Hackneyed Bits

Discuss the historical aspects of magic, including memories, or favorite stories.

Postby Guest » 11/30/06 12:47 PM

Most laypeople don't see 15-20 magic acts a year. I've often worked for audiences who've seen a handful of live acts in years, most magicians they've seen have been on television.

A bit is not hackneyed if the audience has not seen it numerous times, or if they saw it once years before and forgot it.

It is a given that the thinking performer should eliminate unnecessary/redundant lines from his presentation but this question seems more suited to convention goers and magic club members.
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Postby Jim Maloney_dup1 » 11/30/06 12:51 PM

Originally posted by David Alexander:
A bit is not hackneyed if the audience has not seen it numerous times, or if they saw it once years before and forgot it.
"If you haven't seen it, it's new to you!" is a poor excuse for a lack of creativity, in my opinion.

-Jim
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Postby Guest » 11/30/06 01:14 PM

Mr. Alexander, You have been around! Have you NO pet-peeves? :D
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Postby Guest » 11/30/06 01:56 PM

"and I said to him, have you got the trick with 1, 2, 3, 4, 5, 6 playing cards....."

Jon
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Postby Guest » 11/30/06 08:39 PM

That's a really good start---

in a slightly different direction, I've seen four different magicians make it snow---and that doesn't include two non-magic shows that used the effect such as the recent holiday musical "White Christmas".

-----Not that the effect doesn't work for all of them on a commercial level, which is the name of the game.

Having worked on a cruise ship for a couple of years, I've seen quite a few sub trunks and interludes as well.

The isbn code prediction bit, I think, is getting to the point that even the general public sees the punch line coming.

I wonder what object Geno Munari sells the highest quantity of...

I wonder what device Bill Smith builds the most of....
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Postby Pete Biro » 11/30/06 08:47 PM

OK, who is the originator of...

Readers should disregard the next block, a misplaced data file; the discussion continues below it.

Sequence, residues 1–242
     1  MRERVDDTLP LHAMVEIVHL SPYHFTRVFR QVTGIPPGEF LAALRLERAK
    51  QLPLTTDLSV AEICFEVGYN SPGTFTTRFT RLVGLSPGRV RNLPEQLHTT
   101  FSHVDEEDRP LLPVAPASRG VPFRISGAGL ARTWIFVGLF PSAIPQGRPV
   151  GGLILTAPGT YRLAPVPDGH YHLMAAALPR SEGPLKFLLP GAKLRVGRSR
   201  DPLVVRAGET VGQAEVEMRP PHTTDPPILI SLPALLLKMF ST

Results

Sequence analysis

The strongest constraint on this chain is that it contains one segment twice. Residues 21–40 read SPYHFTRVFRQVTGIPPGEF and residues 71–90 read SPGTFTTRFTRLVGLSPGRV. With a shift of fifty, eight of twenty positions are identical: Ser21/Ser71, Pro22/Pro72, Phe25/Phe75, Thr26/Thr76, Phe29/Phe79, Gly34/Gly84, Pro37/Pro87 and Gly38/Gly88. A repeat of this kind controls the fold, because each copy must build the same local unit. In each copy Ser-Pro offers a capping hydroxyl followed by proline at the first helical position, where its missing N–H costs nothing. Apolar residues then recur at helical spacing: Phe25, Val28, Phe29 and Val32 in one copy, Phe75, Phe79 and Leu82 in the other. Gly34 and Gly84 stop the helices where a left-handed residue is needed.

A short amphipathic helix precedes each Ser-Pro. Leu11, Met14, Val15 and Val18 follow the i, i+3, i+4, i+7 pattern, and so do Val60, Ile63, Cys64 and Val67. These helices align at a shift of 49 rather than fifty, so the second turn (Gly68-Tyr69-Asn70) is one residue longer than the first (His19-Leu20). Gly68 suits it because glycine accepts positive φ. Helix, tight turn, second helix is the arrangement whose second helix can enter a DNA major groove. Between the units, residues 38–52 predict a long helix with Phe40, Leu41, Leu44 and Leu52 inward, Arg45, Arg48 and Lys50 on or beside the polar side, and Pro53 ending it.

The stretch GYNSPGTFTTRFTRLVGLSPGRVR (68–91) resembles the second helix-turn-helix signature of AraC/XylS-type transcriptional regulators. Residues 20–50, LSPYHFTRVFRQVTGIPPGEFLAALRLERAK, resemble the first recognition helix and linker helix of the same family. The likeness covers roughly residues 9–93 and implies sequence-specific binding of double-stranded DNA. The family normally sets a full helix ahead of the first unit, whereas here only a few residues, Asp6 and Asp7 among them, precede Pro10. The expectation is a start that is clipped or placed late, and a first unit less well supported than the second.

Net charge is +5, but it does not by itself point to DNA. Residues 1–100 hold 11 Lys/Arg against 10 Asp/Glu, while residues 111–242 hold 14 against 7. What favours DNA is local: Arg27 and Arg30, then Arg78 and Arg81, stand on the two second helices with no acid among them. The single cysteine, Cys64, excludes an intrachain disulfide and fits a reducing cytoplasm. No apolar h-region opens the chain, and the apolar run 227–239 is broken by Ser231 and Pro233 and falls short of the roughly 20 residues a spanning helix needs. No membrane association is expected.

"Hold out your hand... no the clean one."

And he really got upset when everyone started to use it... so many that it became a cliche...

Who was the originator?

Walter, Zaney, Blaney :cool:
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Postby Pete Biro » 11/30/06 08:48 PM

"Oh, that was the clean one!" :D :D
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Postby Pete Biro » 11/30/06 08:49 PM

My re-write.

"Hold out your hand..." (beat, look at hand) "Ummm... did you have a flat tire on the way here?" :eek: :D :eek:
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Postby Ryan Matney » 11/30/06 09:21 PM

Thanks Pete! I've wondered for a long time whose line that was. Tell us a few more originators of well known lines if you can, please.


Personally I think most smart professionals use stock lines. I can name 4-5 magicians that perform full time that I consider to be the best working that use stock lines. David Alexander is right, most laymen don't see near as much magic as we do. Hopefully, anyway. If a line is proven and suits the performer, a pro will use it.

That is to say, all of these professionals I'm thinking of use a mix of stock lines, re-written lines, and original lines.

There's a bunch like the "No the clean one" that I wouldn't use myself because I don't like the tone with the spectator...for me anyway.
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Postby Guest » 11/30/06 10:58 PM

The first time I saw Ricky Dunn perform, I was a little turned off, because I heard him use so many of what I considered to be "stock" lines.

Later I found out that Ricky had WRITTEN many of the lines that countless magicians had stolen from him..... many others stole from the stealers......and eventually no one knew where they came from!

This is the crime of stealing other's lines.......eventually the originator looks like the one who steals, or is a hack.

As Groucho Marx once said, "Imitation is the sincerest form of plagerism."
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Postby Guest » 12/01/06 08:17 AM

Awwww man - you guys are outlawing all of Paul Daniels' patter :)

However, I guess that since I was watching him when I was a kid back in the 70's, that anyone still using the same lines 30 odd years later would deserve to be called "hackneyed".

Or are the old ones still the best?
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Postby Mark Collier » 12/01/06 08:31 AM

Bill Palmer wrote, "I'm a magician and I'm going to magish....you should be glad I'm not a wizard!".
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Postby Jim Maloney_dup1 » 12/01/06 08:49 AM

Originally posted by Mark Collier: